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Twayapa Shotuyowe: a story of courage, determination and success.

In September 2005, twenty-three people living with HIV came together out of a desire to support each other emotionally, spiritually and economically. With the assistance of the Andara New Start Centre in the eastern Kavango the group, known as Twayapa Shotuyowe (Do not be afraid) HIV + Support Group, developed a mission statement and goals. They received local funding and set about to build a small hut with the intention of developing a garden and meat business. Within the next eight months, life's circumstances intervened. Illness, death, stigma, and lack of leadership inhibited the group's cohesiveness and sustainability. Despite this rocky beginning, Twayapa Shotuyowe is today an outstanding success.

Making it happen

In January 2007, a United States Peace Corps Volunteer arrived in Andara. One of her challenges was to gain a commitment from the now disbanded support group, reaffirm the group's mission statement and goals and develop a sustainable income generating project. Over the course of almost two years, membership grew from eight people in January 2007 to sixty-two in October 2008.

With funding from the United States Ambassador's Self-Help Programme, Twayapa Shotuyowe embarked on a meat selling, garden and soup kitchen project. Since September 2007 the group has worked, not without adversity, to ensure the success of the project and the support group. Plans for a market building were drawn up and a local contractor began work in November 2007. The support group and other community members cleared and levelled the land and dug the foundation for the structure. In April this year, the market was opened for business.

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Twayapa Shotuyowe continues to receive funding from private donors, religious and faith-based groups, NGOs and community organisations from near and far, due to the commitment and dedication of their members. Balancing family obligations with those of the support group continues to be a challenge, but members refuse to sit around and wait for a handout. "We don't think of ourselves as sick," says one member. "We face challenges like many other Namibian individuals. Challenges to feed and clothe and school our families. Challenges to live a moral life and be a positive example for our children, our community and our nation."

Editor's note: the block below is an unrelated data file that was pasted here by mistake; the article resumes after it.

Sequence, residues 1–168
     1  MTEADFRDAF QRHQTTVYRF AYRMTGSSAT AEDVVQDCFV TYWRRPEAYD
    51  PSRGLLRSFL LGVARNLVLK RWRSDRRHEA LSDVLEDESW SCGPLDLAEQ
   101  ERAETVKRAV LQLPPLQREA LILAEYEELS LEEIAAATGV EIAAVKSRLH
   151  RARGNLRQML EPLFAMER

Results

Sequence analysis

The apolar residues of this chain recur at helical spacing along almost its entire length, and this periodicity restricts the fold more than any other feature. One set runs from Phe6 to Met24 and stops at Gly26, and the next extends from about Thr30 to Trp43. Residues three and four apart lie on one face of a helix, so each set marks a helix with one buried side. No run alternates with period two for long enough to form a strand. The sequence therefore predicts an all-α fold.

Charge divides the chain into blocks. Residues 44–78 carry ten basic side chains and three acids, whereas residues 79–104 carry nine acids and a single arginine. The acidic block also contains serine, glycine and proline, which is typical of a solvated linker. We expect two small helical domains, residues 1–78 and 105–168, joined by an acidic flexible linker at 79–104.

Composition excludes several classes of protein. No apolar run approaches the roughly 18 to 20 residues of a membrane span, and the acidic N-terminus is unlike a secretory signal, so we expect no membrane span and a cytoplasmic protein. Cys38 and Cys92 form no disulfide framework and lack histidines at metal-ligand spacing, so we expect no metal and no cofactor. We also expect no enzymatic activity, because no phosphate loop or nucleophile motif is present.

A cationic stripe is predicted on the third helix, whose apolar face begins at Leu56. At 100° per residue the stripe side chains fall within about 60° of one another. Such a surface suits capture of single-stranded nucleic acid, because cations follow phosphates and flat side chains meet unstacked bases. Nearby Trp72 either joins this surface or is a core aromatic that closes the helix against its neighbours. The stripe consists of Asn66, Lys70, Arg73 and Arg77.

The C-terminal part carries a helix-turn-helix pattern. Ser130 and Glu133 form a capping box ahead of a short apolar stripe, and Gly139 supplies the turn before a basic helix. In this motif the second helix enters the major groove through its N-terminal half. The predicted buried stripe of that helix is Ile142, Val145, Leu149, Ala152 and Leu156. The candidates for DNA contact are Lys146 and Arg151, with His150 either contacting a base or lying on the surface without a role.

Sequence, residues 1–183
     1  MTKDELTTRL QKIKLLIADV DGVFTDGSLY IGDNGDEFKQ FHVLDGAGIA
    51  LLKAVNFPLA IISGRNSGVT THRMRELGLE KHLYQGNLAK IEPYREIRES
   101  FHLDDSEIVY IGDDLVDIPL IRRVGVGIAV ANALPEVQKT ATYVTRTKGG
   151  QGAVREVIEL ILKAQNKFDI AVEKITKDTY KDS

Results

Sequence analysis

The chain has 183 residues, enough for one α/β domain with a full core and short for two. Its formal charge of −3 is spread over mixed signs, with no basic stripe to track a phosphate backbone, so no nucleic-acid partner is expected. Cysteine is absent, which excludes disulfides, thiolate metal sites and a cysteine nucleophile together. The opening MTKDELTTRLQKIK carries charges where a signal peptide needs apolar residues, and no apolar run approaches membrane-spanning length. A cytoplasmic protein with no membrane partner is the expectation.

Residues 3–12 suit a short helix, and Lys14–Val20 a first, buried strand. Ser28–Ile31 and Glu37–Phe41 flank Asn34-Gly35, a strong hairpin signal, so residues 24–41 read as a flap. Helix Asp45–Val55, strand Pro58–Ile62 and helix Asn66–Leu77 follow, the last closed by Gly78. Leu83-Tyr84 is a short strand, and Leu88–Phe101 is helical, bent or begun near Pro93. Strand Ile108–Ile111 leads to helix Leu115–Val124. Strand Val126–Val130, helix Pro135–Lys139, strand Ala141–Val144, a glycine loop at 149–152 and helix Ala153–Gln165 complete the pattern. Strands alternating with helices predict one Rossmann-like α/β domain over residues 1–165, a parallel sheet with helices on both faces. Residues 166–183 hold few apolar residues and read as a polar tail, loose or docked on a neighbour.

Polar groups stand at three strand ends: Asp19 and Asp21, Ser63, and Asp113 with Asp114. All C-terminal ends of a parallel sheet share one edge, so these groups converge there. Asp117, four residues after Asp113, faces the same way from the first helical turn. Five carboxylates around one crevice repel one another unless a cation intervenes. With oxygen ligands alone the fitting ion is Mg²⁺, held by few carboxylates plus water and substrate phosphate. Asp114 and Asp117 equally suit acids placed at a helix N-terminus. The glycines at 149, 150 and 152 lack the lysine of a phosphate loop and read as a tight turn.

Resourceful and determined

Members manage the market building, slaughter cattle for selling meat, and plant and harvest the garden in Mukwe, eight kilometres from the market site. Twayapa Shotuyowe feeds, on average, one hundred and twenty people per month. They serve those affected by and infected with HIV and Aids and their families. Twayapa Shotuyowe plans on using bicycles to deliver food to those too ill to come to the market. Recently, an outbreak of hoof and mouth disease in the district has halted the meat business. This has not deterred the group, but highlighted the need to diversify even more. Work has begun to construct a large African oven to bake bread to sell at the market. Members are making the cement blocks on site to limit expenses. The market even sells cell phone recharge vouchers to boost their income.

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Educating others

More important than all the tangible items for sale at the market, and economic sustainability, is the interaction of friendship, open discussion and guidance between the support group members and the community. There are usually three members working at the market each day from Monday to Friday. One member is designated to provide information and encouragement to those visiting the market. Information is available on such topics as gender equality, domestic violence, substance abuse, HIV and Aids, stigma and discrimination, nutrition, medication adherence, Know Your HIV Status and other services provided by the New Start Centre.

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Reaching out, reaching forward

The trained support group members accompany the Andara Community Mobiliser on outreach visits to communities and schools and speak on positive living and ARV adherence, thus assisting in the reduction of defaulter rates. They also talk about the importance of knowing your HIV status. The support group participates in Tusano training covering topics such as living positively, life skills and legal rights. Twayapa Shotuyowe also visits communities in the Andara District to register HIV + people and encourage them to join the support group. The group is currently participating in the production of an educational video, highlighting the importance of ARV adherence. This video will be available in Namibia free of charge for health education.

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Twayapa Shotuyowe is now planning to target the far outlying villages of Andara District by establishing satellite groups. The aim is to create local income generating projects to benefit the families of the support group members more directly

Twayapa Shotuyowe HIV+ Support Group welcomes visitors. You can contact them at tel/fax (066) 259 354 or P/Bag 2072 Rundu.

Photos by Mary Atherton
COPYRIGHT 2008 Sister Namibia
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Copyright 2008 Gale, Cengage Learning. All rights reserved.

Article Details
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Title Annotation:SOCIAL JUSTICE; support group
Author:Atherton, Mary; Kudumo, Angelika
Publication:Sister Namibia
Geographic Code:60AFR
Date:Dec 1, 2008
Words:790
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